Monday, February 08, 2016

***Poet’s Corner- Langston Hughes-Freedom’s Plow

***Poet’s Corner- Langston Hughes-Freedom’s Plow 


From The Pen Of Frank Jackman


February is Black History Month


Freedom’s Plow


When a man starts out with nothing,
When a man starts out with his hands
Empty, but clean,
When a man starts to build a world,
He starts first with himself
And the faith that is in his heart-
The strength there,
The will there to build.

First in the heart is the dream-
Then the mind starts seeking a way.
His eyes look out on the world,
On the great wooded world,
On the rich soil of the world,
On the rivers of the world.

The eyes see there materials for building,
See the difficulties, too, and the obstacles.
The mind seeks a way to overcome these obstacles.
The hand seeks tools to cut the wood,
To till the soil, and harness the power of the waters.
Then the hand seeks other hands to help,
A community of hands to help-
Thus the dream becomes not one man’s dream alone,
But a community dream.
Not my dream alone, but our dream.
Not my world alone,
But your world and my world,
Belonging to all the hands who build.

A long time ago, but not too long ago,
Ships came from across the sea
Bringing the Pilgrims and prayer-makers,
Adventurers and booty seekers,
Free men and indentured servants,
Slave men and slave masters, all new-
To a new world, America!

With billowing sails the galleons came
Bringing men and dreams, women and dreams.
In little bands together,
Heart reaching out to heart,
Hand reaching out to hand,
They began to build our land.
Some were free hands
Seeking a greater freedom,
Some were indentured hands
Hoping to find their freedom,
Some were slave hands
Guarding in their hearts the seed of freedom,
But the word was there always:

Down into the earth went the plow
In the free hands and the slave hands,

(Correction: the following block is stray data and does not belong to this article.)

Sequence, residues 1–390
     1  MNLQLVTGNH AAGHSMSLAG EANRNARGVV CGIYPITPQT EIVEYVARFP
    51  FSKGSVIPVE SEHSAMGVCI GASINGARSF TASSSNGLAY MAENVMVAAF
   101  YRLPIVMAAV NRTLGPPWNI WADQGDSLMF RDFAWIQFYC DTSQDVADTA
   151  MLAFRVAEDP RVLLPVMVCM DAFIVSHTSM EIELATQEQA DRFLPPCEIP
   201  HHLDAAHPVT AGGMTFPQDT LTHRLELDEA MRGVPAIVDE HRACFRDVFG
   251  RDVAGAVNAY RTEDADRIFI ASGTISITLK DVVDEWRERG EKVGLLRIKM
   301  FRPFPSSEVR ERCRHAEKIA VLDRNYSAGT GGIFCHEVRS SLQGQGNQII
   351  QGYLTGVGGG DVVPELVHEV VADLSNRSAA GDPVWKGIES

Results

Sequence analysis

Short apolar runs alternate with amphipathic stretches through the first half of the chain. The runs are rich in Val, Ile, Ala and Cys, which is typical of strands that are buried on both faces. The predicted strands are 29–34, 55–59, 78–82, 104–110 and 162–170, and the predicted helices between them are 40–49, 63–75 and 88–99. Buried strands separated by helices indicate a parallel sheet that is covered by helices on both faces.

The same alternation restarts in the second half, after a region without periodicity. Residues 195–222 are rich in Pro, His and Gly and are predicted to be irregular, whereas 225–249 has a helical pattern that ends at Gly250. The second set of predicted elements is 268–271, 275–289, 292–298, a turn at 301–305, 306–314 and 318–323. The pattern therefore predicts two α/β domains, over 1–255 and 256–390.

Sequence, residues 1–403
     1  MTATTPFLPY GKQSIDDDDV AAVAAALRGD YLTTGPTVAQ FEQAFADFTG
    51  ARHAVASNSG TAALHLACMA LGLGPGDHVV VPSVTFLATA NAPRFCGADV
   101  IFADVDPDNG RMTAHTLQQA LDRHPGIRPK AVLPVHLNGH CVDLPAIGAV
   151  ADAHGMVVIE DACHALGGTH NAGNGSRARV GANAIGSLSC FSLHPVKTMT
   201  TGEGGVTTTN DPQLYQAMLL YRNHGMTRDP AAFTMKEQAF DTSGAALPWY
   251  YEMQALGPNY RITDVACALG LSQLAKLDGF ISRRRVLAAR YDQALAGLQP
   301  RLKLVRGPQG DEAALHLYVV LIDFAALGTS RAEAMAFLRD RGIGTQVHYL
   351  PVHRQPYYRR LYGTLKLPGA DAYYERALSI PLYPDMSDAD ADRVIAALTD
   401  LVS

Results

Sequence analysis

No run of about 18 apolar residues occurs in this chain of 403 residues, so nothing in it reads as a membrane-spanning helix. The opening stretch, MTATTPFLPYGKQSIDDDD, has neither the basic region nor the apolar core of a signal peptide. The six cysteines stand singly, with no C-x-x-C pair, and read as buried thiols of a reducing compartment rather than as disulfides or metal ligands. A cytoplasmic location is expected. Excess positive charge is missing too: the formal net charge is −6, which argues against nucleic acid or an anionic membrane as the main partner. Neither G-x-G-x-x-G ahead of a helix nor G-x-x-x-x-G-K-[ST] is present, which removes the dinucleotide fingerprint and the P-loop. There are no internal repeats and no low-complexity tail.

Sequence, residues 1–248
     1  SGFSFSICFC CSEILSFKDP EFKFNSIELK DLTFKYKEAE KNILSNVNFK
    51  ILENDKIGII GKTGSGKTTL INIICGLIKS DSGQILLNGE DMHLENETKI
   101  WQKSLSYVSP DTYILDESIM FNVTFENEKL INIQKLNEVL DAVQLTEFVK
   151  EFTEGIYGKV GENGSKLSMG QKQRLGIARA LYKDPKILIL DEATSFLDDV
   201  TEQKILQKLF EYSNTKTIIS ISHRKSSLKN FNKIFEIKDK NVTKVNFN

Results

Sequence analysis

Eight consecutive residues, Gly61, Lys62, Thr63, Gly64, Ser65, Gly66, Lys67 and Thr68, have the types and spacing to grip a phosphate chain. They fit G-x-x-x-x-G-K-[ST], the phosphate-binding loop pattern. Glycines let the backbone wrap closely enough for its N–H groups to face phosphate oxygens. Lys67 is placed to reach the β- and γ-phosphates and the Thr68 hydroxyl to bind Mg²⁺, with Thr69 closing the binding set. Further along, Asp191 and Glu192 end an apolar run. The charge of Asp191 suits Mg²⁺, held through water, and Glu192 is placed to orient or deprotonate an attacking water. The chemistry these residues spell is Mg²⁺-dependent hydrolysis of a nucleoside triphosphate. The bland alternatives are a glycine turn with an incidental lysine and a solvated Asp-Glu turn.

In indentured hands and adventurous hands,
Turning the rich soil went the plow in many hands
That planted and harvested the food that fed
And the cotton that clothed America.
Clang against the trees went the ax into many hands
That hewed and shaped the rooftops of America.
Splash into the rivers and the seas went the boat-hulls
That moved and transported America.
Crack went the whips that drove the horses
Across the plains of America.
Free hands and slave hands,
Indentured hands, adventurous hands,
White hands and black hands
Held the plow handles,
Ax handles, hammer handles,
Launched the boats and whipped the horses
That fed and housed and moved America.
Thus together through labor,
All these hands made America.

Labor! Out of labor came villages
And the towns that grew cities.
Labor! Out of labor came the rowboats
And the sailboats and the steamboats,
Came the wagons, and the coaches,
Covered wagons, stage coaches,
Out of labor came the factories,
Came the foundries, came the railroads.
Came the marts and markets, shops and stores,
Came the mighty products moulded, manufactured,
Sold in shops, piled in warehouses,
Shipped the wide world over:
Out of labor-white hands and black hands-
Came the dream, the strength, the will,
And the way to build America.
Now it is Me here, and You there.
Now it’s Manhattan, Chicago,
Seattle, New Orleans,
Boston and El Paso-
Now it’s the U.S.A.

A long time ago, but not too long ago, a man said:
His name was Jefferson. There were slaves then,
But in their hearts the slaves believed him, too,
And silently too for granted
That what he said was also meant for them.
It was a long time ago,
But not so long ago at that, Lincoln said:
There were slaves then, too,
But in their hearts the slaves knew
What he said must be meant for every human being-
Else it had no meaning for anyone.
Then a man said:
He was a colored man who had been a slave